The Bosnian War of 1992-1995 carried away thousands of people and destroyed the lives of many people who survived it. Women are one of the most vulnerable groups of the population suffering from violence during the time of armed conflicts. As nearly 100 thousand people were killed during the war in Bosnia, many women were left without their husbands and experienced the lack of safety and protection (Powell, Butollo, & Hagl, 2010). Such a situation resulted in thousands of cases of rape (Davis, 2014).
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The women that survived such acts of violence have to cope with the severe negative consequences of their experience in the aftermath of the wartime (Klaric, Klaric, Stevanovic, Grkovic, & Jonovska, 2007). Therefore, the empowerment of the casualties of wartime rape and the women, in general, is one of the vital issues that need to be promoted in Bosnian society. Religion, as the major factor dominating the life of the Bosnians, can be used for the empowerment of the female population.
Islam is the main dominating religion in Bosnia, as nearly half of the population identify themselves as Muslims (Bose, 2009). From the spiritual aspect, Islam considers women as creatures that are equal to men. Though certain issues related to the duties of a woman and a wife are described in the Quran, the Holy Book does not justify the discrimination of women in any instance. On the contrary, the Quran teaches the men how to treat their wives and other women fairly: “And live with them in kindness.
If you dislike them, it may be that you dislike something in which God has placed much good” (Quran 4:19). Despite popular beliefs, Islam has extended the women’s rights that were restricted in most Western states much earlier than its counterparts did. Therefore, the empowerment of the Muslim female population in Bosnia can be done by enhancing the knowledge of the population about the righteous position of women in Islam. In such a way, the Muslim population can be encouraged to respect women and be empathetic to that one that suffered wartime rape.
Christianity, including Serbian Orthodoxy and Catholicism, is another major religion in Bosnia, as nearly 41 percent of the population identify themselves as Christians. Christianity regards women as creatures equal to men and condemns discrimination. As well as Islam does, Christianity teaches men to respect women and restricts the aggression or rudeness directed toward the female population (Rump, 2008).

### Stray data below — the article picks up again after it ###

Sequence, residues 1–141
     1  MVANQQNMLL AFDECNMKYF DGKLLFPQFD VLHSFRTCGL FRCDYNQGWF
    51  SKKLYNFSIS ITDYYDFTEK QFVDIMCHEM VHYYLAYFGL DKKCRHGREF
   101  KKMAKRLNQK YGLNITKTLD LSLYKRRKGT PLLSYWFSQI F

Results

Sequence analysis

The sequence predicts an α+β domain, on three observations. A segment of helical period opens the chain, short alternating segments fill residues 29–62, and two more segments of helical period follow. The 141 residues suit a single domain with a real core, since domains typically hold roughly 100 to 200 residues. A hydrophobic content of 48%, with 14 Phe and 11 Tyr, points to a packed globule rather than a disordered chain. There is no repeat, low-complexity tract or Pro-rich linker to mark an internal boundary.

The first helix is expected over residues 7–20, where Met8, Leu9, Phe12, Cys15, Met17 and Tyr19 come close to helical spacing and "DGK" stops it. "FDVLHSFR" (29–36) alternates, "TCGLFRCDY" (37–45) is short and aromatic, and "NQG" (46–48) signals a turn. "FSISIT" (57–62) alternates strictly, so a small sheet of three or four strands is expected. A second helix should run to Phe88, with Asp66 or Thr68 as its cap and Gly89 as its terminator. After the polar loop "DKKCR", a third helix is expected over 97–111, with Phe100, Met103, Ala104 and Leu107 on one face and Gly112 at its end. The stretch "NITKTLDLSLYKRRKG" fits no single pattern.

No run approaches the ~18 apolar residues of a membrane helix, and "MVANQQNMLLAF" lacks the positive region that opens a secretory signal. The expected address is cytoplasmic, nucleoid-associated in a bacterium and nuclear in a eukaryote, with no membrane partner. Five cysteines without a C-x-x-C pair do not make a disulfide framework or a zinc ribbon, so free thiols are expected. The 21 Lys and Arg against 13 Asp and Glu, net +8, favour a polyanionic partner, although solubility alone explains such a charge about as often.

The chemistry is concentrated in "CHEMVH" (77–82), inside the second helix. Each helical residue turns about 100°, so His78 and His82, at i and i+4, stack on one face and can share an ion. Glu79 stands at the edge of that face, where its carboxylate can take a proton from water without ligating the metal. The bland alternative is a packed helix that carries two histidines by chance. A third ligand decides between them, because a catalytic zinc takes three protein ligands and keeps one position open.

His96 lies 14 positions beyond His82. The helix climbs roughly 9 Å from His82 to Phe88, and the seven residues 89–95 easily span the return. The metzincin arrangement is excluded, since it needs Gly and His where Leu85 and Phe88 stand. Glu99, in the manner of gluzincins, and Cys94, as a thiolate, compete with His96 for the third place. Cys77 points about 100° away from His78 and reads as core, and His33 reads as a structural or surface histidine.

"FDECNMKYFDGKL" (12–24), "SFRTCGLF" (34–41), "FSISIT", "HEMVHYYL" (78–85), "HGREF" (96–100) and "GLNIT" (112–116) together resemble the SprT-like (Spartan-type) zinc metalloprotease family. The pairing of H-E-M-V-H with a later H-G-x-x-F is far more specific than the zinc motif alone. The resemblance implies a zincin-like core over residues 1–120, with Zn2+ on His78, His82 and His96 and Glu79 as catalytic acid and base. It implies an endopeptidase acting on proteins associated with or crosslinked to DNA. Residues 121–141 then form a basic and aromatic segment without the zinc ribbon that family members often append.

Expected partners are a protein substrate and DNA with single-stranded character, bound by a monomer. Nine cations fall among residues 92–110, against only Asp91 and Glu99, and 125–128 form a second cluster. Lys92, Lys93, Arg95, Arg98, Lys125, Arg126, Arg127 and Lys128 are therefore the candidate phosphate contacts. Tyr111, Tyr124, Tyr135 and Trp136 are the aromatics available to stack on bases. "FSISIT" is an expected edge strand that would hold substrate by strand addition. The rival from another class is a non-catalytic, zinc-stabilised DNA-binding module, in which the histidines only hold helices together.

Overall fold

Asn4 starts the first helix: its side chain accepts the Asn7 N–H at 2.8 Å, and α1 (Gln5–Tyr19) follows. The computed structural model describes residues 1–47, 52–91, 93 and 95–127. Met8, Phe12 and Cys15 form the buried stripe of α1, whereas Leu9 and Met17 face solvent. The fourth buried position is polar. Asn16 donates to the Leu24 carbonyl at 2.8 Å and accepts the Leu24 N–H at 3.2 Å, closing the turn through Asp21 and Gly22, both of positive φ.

One of the brightest illustrations of the noble position of a woman in Christianity is the worship of St Mary the Virgin and other female saints. Therefore, the empowerment of Christian women in Bosnia can be promoted with the help of religion, as Christian dogmas condemn any violent acts conducted by men toward a woman. The empathy to that part of the female population that suffered rape in the wartime can also be increased with the help of Christianity, as an empathetic attitude to suffering people is one of the basic principles of this religion.
As the religions dominating in Bosnia are not oppressive to women and proclaim the spiritual equality of both sexes, the empowerment of the casualties of wartime rape and the women, in general, can be promoted through enhancing the knowledge of the population about the truthful position of a woman in their religion. The spiritual leaders heading the religious groups in Bosnia can contribute to the broadening of women’s rights in the country and increase the empathy of the population towards the victims of wartime rape.
Bose, S. (2007). Contested lands. Cambridge, Massachusetts: Harvard University Press.
Davis, G. S. (2014). Religion and justice in the war over Bosnia. New York: Routledge.
Klaric, M., Klaric, B., Stevanovic, A., Grkovic, J., & Jonovska, S. (2007). Psychological consequences of war trauma and postwar social stressors in women in Bosnia and Herzegovina. Croatian Medical Journal, 48(2), 167-176.
Powell, S., Butollo, W., & Hagl, M. (2010). Missing or killed: The differential effect on mental health in women in Bosnia and Herzegovina of the confirmed or unconfirmed loss of their husbands.European Psychologist, 15(3), 185-192.
Rump, L. H. (2008). Is Christianity oppressive to women? Web.